Democratic exasperation builds at Biden’s slow roll on Roe

Democratic exasperation builds at Biden’s slow roll on Roe

When it comes to protecting abortion rights, Democrats want Joe Biden to get aggressive. And fast.

Frustration is building among liberals over what some see as a slow executive response from the president, despite weeks to prepare following POLITICO’s publication of a draft majority opinion forecasting the Supreme Court’s overturning of Roe v. Wade. White House officials contend that things are more complicated than they seem, but that’s doing little to turn down the temperature in the party.

“He made a strong statement the day of. I would have liked to see some more specific actions rolled out,” said Rep. Pramila Jayapal (D-Wash.), who leads the Congressional Progressive Caucus. “We all knew this was coming.”

Jayapal spent part of Monday in meetings with Biden officials and encouraged them on the sidelines to do more, urging a look at further agency-level moves to protect abortion access — the sort of action that White House aides say is coming soon, albeit without specifics so far.

It’s not a full Democratic pile-on yet, even as the party’s base rages after the conservative-leaning high court stripped a nationwide right to abortion. That’s in part because Democrats recognize both that Biden’s hands are somewhat tied and that the dynamics in Congress don’t allow a robust response. Nonetheless, lawmakers like Jayapal and Sen. Elizabeth Warren (D-Mass.) are pressing the president for a more urgent counterattack.

Among their ideas: covering expenses for federal employees who need to travel to receive abortion services, helping pay for out-of-state abortions, enshrining abortion access for active-duty military and opening up federal lands to abortion counseling and procedures. Some Democrats are even examining whether tribal governments could help provide abortion services.

“We need our president at this moment to step up and remind everyone that we Democrats don’t believe the government should be making a decision about whether to continue a pregnancy,” Warren said in an interview on Monday.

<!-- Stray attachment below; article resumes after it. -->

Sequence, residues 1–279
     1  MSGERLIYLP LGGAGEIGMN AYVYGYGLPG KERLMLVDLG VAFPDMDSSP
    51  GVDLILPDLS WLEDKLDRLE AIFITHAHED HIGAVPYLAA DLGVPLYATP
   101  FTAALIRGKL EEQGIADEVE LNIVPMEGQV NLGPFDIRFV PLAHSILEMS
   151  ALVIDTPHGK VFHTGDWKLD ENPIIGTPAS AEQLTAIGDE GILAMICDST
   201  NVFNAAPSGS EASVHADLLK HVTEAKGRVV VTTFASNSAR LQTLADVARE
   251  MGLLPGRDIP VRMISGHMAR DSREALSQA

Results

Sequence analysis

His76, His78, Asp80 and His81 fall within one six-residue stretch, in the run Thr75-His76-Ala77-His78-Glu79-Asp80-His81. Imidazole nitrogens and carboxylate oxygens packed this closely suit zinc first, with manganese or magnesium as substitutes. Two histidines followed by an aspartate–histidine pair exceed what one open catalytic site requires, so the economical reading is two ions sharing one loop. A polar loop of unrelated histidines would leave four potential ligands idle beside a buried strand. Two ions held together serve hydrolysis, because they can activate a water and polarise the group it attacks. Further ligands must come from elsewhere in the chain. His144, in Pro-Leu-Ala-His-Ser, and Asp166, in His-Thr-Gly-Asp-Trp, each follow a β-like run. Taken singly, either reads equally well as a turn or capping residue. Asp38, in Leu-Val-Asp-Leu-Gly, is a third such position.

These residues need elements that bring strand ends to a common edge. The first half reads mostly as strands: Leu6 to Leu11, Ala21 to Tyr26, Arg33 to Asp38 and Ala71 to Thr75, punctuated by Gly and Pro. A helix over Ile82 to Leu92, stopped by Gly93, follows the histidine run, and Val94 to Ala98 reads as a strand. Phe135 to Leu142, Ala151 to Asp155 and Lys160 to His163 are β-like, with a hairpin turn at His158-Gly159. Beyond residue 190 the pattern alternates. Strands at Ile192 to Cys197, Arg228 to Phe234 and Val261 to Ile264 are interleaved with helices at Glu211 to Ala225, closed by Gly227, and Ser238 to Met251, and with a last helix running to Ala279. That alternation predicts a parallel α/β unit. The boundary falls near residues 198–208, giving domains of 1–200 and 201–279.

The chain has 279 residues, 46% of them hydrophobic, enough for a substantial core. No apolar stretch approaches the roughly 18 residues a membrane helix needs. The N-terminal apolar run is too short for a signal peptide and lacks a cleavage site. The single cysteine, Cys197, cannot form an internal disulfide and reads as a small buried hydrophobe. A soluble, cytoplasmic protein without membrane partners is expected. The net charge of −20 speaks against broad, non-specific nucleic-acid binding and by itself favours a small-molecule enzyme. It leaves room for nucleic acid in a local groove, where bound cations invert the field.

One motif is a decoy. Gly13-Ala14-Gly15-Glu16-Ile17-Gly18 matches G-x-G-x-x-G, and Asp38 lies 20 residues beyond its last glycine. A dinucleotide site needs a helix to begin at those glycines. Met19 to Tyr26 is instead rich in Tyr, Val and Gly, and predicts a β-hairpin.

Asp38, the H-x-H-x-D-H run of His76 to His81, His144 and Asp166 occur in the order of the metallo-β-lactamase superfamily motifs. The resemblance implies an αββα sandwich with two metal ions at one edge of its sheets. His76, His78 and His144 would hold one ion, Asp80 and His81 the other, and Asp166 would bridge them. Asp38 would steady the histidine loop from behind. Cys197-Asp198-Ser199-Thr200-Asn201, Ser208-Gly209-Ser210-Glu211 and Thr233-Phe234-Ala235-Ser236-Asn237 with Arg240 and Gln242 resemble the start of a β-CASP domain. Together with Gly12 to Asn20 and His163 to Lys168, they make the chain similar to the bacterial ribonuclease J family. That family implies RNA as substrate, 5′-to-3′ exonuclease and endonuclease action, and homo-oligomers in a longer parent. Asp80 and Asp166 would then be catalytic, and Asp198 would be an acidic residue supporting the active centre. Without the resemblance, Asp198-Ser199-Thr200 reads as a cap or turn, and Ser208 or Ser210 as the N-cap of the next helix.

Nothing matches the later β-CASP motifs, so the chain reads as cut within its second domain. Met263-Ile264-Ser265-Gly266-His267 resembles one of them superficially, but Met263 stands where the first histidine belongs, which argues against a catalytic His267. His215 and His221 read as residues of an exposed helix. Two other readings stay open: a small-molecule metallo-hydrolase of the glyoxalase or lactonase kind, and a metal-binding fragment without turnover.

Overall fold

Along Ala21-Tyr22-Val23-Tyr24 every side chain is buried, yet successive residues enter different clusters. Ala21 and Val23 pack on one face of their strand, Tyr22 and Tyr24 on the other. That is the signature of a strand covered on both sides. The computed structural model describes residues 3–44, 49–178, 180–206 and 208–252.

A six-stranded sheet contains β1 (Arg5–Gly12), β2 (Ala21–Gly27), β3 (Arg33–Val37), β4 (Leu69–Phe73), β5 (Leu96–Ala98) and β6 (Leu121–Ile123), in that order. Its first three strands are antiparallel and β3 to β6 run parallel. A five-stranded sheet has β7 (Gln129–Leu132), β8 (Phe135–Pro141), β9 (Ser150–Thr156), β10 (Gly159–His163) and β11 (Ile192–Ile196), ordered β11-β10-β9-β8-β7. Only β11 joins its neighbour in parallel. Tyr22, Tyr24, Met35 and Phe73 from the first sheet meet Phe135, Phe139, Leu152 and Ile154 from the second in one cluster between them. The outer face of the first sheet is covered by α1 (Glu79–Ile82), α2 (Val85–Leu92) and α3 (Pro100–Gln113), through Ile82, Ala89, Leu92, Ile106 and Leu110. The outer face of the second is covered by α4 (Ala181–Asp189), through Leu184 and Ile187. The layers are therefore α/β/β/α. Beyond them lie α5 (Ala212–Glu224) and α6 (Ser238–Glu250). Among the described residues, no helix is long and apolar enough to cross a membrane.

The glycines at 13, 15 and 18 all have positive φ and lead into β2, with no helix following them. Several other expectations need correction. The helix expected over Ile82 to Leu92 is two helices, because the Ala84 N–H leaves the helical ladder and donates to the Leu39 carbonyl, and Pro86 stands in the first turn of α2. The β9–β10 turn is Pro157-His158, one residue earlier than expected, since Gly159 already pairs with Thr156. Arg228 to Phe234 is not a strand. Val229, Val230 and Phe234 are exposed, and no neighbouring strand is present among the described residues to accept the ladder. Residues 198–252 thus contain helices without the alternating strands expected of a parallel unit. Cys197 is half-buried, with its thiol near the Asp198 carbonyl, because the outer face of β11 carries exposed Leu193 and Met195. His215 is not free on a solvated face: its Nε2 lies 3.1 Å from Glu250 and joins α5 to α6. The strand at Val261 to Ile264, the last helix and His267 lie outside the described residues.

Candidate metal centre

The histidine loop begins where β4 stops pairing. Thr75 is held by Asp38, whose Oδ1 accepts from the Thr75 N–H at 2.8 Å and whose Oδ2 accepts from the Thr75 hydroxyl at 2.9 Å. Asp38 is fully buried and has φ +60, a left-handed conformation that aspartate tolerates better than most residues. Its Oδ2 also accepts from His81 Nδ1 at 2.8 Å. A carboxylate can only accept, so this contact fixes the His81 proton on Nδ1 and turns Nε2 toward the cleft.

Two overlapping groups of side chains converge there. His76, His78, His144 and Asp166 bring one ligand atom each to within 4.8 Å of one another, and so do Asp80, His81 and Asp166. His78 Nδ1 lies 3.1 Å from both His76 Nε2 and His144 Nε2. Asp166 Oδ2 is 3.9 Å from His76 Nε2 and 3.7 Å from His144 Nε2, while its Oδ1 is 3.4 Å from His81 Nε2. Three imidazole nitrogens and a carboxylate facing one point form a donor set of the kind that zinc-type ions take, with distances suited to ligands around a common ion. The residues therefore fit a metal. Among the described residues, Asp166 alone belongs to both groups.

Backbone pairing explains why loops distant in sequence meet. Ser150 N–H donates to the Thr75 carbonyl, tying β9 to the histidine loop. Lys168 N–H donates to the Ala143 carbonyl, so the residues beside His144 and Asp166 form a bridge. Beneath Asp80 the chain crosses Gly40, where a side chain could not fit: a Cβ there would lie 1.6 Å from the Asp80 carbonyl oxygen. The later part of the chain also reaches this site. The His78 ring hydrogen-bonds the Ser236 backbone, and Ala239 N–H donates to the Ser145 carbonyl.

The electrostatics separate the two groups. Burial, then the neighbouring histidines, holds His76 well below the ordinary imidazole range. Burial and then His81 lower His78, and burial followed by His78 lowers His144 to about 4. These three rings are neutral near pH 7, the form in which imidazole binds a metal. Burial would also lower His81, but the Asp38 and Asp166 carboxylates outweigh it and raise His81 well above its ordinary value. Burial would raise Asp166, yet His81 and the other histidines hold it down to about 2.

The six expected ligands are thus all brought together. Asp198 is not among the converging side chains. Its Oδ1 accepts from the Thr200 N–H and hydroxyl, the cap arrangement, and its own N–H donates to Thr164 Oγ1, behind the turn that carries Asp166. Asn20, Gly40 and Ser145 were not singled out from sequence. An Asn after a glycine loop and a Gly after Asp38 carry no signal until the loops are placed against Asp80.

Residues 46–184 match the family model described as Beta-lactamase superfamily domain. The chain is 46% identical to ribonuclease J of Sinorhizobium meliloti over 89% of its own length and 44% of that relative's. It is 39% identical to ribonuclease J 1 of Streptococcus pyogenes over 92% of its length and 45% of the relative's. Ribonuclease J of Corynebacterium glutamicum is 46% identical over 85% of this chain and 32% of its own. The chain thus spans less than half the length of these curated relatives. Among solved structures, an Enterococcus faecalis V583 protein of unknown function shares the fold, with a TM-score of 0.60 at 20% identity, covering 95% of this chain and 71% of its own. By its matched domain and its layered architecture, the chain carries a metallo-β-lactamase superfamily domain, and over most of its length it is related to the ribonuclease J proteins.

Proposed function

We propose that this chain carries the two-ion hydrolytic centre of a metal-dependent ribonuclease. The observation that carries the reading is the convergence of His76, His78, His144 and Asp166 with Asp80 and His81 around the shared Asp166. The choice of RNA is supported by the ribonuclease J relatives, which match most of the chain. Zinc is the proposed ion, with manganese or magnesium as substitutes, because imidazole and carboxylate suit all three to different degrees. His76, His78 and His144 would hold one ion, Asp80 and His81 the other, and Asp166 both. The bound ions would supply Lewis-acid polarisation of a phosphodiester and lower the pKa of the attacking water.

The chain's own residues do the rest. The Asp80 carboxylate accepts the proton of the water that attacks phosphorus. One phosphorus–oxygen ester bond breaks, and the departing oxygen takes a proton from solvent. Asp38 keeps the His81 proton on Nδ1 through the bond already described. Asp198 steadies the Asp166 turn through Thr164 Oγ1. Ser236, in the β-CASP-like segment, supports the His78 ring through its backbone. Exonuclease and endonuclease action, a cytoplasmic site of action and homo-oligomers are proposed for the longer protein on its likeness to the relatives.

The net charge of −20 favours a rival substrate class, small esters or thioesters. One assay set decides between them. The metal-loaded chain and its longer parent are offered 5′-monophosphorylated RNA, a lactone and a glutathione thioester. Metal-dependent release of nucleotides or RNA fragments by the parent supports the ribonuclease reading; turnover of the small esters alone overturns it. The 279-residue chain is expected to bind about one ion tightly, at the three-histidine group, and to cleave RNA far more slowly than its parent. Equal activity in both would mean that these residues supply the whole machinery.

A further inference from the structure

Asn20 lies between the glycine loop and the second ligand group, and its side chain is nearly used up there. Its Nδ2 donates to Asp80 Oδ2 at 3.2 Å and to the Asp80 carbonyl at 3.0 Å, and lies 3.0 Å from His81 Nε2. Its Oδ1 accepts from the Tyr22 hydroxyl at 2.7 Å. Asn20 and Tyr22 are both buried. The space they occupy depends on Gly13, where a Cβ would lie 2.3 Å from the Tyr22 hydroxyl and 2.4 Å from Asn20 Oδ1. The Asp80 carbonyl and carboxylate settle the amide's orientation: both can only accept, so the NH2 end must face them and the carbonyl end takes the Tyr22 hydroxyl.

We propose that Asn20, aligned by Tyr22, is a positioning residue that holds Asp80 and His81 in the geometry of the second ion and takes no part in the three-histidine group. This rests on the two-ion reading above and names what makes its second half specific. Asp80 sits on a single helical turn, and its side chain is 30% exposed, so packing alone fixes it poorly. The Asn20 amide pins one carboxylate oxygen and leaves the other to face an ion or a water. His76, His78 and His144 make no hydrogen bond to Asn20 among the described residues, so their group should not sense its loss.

Biden aides, meanwhile, say they want to go on offense, but their options are limited.

The White House said a number of federal agencies would roll out new abortion protections in the days ahead but did not supply details on Monday. Aides also whipped up a public outreach campaign and directed surrogates, including Vice President Kamala Harris, to fan out on television to reassure Democrats.

Biden has highlighted his executive powers to protect abortion medication availability by mail and the right to interstate travel for an abortion — steps that the rest of his party have cheered.

But his team argues there are sharp limits to his executive powers to protect abortion access. Administration officials stress the White House needs to mount a public response that’s realistic about its limits to avoid doing long-term political or practical harm to their goals. That approach may not alleviate Hill Democrats’ concerns about the lack of a coordinated, direct pushback to Roe’s collapse.

And the flurry of Democratic demands for quick action sparked a degree of annoyance in the White House, where aides say they’ve spent the last two months stress-testing ideas for blunting the ruling’s impact.

A White House official warned that opening abortion clinics on federal land like Warren suggests would be “well-intentioned, [but] it could put women and providers at risk” by opening women and providers to potential prosecution.

Many Democrats are still calling on Biden to push the limits of his power to protect as many women as possible. Twenty Black female Democrats also sent a letter asking Biden to immediately declare a public health emergency: “We must act urgently as if lives depend on it because they do.”

In a Saturday letter led by Sen. Patty Murray (D-Wash.), the No. 3 Democratic leader, 34 Senate Democrats urged Biden to “take every step available to your administration, across federal agencies, to help women access abortions and other reproductive health care.”